TOTALLY BIASED WITH W. KAMAU BELL is now in its second season on FX, Thursdays at 11 PM. The talk show, executive-produced by Chris Rock, features Bell’s distinctive progressive viewpoint on a variety of political and social issues, along with guests including George Takei, David Allen Grier and Reggie Watts.
At a party thrown by Fox/FX for its talent and the Television Critics Association,Bell moves to a slightly quieter part of the venue to talk about Season 2.
AX: Were you surprised or just gratified when TOTALLY BIASED got picked up for a second season?
BELL: I was gratified. I feel like FX take chances. They’re taking a chance on us like they’re taking a chance on a lot of things, and I feel like we get better at the show the more we do it, so this gives us the opportunity to get better at it. And all talk shows start out on sort of wobbly legs and get stronger as they go along if they get the opportunity, so I’m happy to get the opportunity.
AX: When the November election happened, were you prepared for doing the show one way if the President got re-elected and another way of doing it if Romney had won?
BELL: [laughs] A lot of people said, “It’ll be better for you if Romney wins.” I feel like, I prefer “Better for the planet” and I’ll write the jokes accordingly. I was happy that Obama won, obviously – I’m totally biased about that – but also, I have fun with comedy that’s more nuanced than just good versus evil, so we can have the guy that I like in office, and we can actually have productive discussions. At some point during the first season of TOTALLY BIASED, I felt like a lot of it was, I felt like I was on Obama’s campaign committee, and that’s not exactly where I like to live. Especially – he’s not paying me, so …
AX: But I mean, did you have any sort of, “Well, we’ll do this if he gets re-elected and that if he doesn’t”?
BELL: No. We’re always very responsive to what’s happening, so sometimes you try to make some tentative plans in case something happens, but you never know what’s going to happen, you never can predict things, and the election really showed you a lot – you couldn’t predict how that was going to go down. Nobody knew that Romney was going to say in front of people that forty-seven percent of Americans thought they were entitled to things. Nobody could have predicted that.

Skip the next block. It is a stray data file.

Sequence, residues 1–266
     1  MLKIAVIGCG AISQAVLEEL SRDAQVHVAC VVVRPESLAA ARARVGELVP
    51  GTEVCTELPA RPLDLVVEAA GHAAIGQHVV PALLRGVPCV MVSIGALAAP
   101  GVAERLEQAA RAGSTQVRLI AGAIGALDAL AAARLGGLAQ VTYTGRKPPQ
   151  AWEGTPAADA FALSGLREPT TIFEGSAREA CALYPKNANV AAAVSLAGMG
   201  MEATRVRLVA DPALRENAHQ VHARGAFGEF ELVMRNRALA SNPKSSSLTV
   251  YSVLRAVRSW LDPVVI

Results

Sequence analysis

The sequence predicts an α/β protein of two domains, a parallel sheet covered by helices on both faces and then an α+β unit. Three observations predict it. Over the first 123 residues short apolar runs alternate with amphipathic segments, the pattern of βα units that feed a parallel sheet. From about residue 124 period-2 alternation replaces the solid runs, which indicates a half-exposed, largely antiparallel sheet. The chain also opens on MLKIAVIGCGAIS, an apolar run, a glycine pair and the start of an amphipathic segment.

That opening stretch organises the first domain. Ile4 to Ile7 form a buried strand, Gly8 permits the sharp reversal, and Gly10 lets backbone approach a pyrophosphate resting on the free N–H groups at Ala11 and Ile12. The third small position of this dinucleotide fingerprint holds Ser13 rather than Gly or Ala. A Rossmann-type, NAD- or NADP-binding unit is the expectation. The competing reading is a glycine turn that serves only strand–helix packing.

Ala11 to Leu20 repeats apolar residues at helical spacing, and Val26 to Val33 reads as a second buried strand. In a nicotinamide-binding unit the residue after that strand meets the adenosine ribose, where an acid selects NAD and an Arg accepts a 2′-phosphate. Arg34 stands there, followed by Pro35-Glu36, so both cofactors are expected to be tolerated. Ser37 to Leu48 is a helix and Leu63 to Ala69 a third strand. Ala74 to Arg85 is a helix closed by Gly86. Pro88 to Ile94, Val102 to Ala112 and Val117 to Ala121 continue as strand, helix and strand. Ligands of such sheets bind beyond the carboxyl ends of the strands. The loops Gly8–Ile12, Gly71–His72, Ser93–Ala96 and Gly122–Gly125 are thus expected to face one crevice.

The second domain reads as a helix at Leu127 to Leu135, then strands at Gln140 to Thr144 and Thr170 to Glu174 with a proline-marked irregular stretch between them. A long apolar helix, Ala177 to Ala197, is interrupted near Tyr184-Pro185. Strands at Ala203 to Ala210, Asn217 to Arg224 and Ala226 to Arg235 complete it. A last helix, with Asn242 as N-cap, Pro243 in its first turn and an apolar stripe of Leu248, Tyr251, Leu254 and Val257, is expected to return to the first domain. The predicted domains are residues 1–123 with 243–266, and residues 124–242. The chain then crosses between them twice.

AX: Things like food.
BELL: Yeah, like food. And water. And niceness. Nobody could have predicted those things about the election. So I think any time with a show like ours, any time you waste predicting is wasted time.
AX: Has the response to TOTALLY BIASED been what you expected, been better, or been different?
BELL: You know, it’s funny. I really limit what I take in about the show. Sometimes on Facebook, I’ll find out things people have said about the show or articles. I was really excited about the fact that the New Yorker wrote a nice profile of the show and so I feel like I am hearing good feedback about the show, but also, in my mind, I know how much better we can be, so I’m excited that people are liking it as it is. It’s totally biased, so it’s not for everybody [laughs], so I mean, we’ll probably never get a hundred percent of people, but forty-seven percent would be great.
AX: Do you get different responses from places where people know you from your live comedy performances, versus places where they don’t?
BELL: Well, I just did a tour when we ended the [first] season. I went to seven cities, and many of them were cities that I’d never been to before. So it was interesting to be in places that [had] people who only knew me from the show. I was in Chicago and in the Bay Area, where they know me as a stand-up. And it’s fun to see my old crowd and my new crowd come together. I feel like the me who is on the show is not exactly the same as the me who is a live performer, so it’s fun to see if the new people will enjoy the other guy, the guy live on stage doing stand-up.